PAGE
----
Baidu

In the U.S., for better or worse, the name associated with search is Google; but in China its Baidu by a landslide. But it is not only the largest Chinese-language search engine, according to Web traffic ranking site Alexa it is also the fourth most visited site on the Web. Its 60 percent share of the China search market puts Baidu roughly four times ahead of its nearest challengers, Google and Yahoo!; and like its American rivals, Yahoo!, Google, and MSN, Baidu is expanding. The company is making partnerships in the mobile search and digital download spaces and recently announced its intention to move into the Japanese market. When Baidu went public in August of 2005 its stock price was $27, as of this writing the price is $122. China’s size and the fact that only 10 percent of its population is online suggests to some that it will be the next Internet battleground; and Baidu currently rules the day. However, some question whether Baidu will have the staying power to hold its ground against the big three as the battle heats up.

There are those that think Baidu’s grasp is already weakening. CCID Consulting believes this and remarks, “that market shares of Baidu saw a growth this year but its counterparts are gaining on it.” The Motley Fool also agrees that Baidu’s hold could shift, “The company has managed to grow its market share over the past year, yet one can’t assume that stateside giants like Google and Yahoo! will take things lightly.” There is truth to that statement, but it is interesting in that it places the actions, or reactions, of ‘stateside giants’ at some point in the future; the fact is these giants and others have already tried, and failed, to take Baidu’s spot. The New York Times notes that the battleground in China is presently littered with the fallen from overseas, “Monster.com bought China HR, then lost market share. Amazon.com bought Joyo.com, and lost market share. Expedia.com acquired a big Chinese Internet travel company and slipped. And a few years ago, Yahoo bought 3721.com, its biggest competitor here, then handed its operations over to Alibaba.com.” CIBC World Markets analyst Paul Keung sees Baidu growing stronger, “Baidu continues to strengthen its market position through leveraging its leading brand, aggressive monetization, extensive distribution network, and other local advantages, while its largest rivals, such as Google, fail to catch up with its pace for localization and monetization in China.” There is no way to tell if the lead it has already will be enough or if the lead will dwindle when the giants move again. As things shake out there are those that are trying to make headway in the market by partnering with Baidu, and there are those entrenching themselves against it.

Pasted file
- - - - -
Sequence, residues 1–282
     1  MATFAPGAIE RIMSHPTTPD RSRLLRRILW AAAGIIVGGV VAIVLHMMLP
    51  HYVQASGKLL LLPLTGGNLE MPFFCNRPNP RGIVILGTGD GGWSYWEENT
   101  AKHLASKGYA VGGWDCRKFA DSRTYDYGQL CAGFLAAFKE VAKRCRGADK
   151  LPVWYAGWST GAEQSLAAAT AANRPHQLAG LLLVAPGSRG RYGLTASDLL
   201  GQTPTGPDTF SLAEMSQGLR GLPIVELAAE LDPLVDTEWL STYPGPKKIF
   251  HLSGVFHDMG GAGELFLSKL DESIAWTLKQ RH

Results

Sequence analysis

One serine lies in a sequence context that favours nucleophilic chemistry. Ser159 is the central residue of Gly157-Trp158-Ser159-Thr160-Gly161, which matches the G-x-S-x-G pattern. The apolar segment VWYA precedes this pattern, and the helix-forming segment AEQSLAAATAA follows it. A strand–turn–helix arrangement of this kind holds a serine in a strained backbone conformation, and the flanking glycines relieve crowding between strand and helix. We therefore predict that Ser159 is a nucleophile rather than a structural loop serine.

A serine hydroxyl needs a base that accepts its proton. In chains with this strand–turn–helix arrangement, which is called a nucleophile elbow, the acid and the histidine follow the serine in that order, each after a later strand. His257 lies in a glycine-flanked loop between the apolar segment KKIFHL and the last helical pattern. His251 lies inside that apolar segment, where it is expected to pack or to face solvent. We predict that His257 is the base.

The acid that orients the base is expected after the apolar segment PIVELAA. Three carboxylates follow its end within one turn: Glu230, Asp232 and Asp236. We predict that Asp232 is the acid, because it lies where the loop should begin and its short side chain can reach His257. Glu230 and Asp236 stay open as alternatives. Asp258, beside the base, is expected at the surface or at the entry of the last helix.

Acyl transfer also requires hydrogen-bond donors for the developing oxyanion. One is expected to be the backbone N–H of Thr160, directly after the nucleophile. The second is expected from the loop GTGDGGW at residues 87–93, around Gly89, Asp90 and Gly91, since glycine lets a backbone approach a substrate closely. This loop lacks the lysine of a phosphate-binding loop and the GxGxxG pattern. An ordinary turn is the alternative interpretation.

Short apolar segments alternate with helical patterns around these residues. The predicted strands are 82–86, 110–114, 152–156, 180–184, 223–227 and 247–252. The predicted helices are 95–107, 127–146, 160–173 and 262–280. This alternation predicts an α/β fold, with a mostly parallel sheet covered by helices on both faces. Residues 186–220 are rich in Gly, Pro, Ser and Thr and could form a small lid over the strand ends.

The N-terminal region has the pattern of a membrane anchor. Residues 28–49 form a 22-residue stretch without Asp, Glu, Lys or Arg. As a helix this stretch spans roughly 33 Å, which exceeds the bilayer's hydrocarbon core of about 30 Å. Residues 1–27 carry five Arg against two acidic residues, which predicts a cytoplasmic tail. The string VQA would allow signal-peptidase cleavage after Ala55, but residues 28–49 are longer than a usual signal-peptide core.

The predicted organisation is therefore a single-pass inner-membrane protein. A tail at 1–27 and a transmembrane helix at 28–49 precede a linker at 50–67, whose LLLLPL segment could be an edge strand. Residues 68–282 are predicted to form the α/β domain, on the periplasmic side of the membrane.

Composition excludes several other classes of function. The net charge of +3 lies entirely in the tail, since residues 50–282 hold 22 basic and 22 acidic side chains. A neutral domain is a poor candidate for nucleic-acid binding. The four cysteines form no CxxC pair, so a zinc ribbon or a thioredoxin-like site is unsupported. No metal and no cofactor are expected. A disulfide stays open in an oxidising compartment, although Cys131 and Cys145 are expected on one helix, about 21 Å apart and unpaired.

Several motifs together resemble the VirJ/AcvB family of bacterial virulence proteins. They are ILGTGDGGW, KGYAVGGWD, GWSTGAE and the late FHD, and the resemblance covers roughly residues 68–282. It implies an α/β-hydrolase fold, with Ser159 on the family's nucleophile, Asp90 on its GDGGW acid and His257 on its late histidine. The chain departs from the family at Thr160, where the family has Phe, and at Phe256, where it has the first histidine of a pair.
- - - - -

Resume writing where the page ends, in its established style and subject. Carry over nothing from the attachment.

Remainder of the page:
Though not one of the giants mentioned above, UK record company EMI seems to feel that partnership with Biadu is the best way into the Chinese market for digital music downloads; and it feels strongly enough about it to drop out of a lawsuit against Baidu to boot. According to Bloomberg, “EMI is planning to drop out of an infringement lawsuit brought against Baidu by record companies on claims the Web site violated copyright by offering links to illegally copied music on non-affiliated sites.” Instead of locking horns a legal battle, the Financial Times says the two companies will “co-operate on an advertising-supported online music service,” and share revenues from the “free online music streaming service in China.” At least one of the giants sees the profit in partnership.

Microsoft, made the decision to take the path of partnership with Baidu last month. At that time, the two companies announced a revenue sharing deal in which Baidu will provide paid-search listings for Microsoft’s MSN China search-engine websites. Though Microsoft is a big name for Baidu to land, the money involved is not necessarily a huge amount. Piper Jaffray analyst Safa Rashtchy estimated that it could mean between $10 million and $20 million in incremental revenue. According to the Motley Fool, “Even at the high end, that would make up less than 10 percent of the company’s revenues next year.” But, the deal is worth more than money; it demonstrates an acknowledgement of Baidu’s clout. The Motley Fool puts it this way, “Even though Google may one day have something to say about it, for now, all roads to China seem to weave through Baidu.”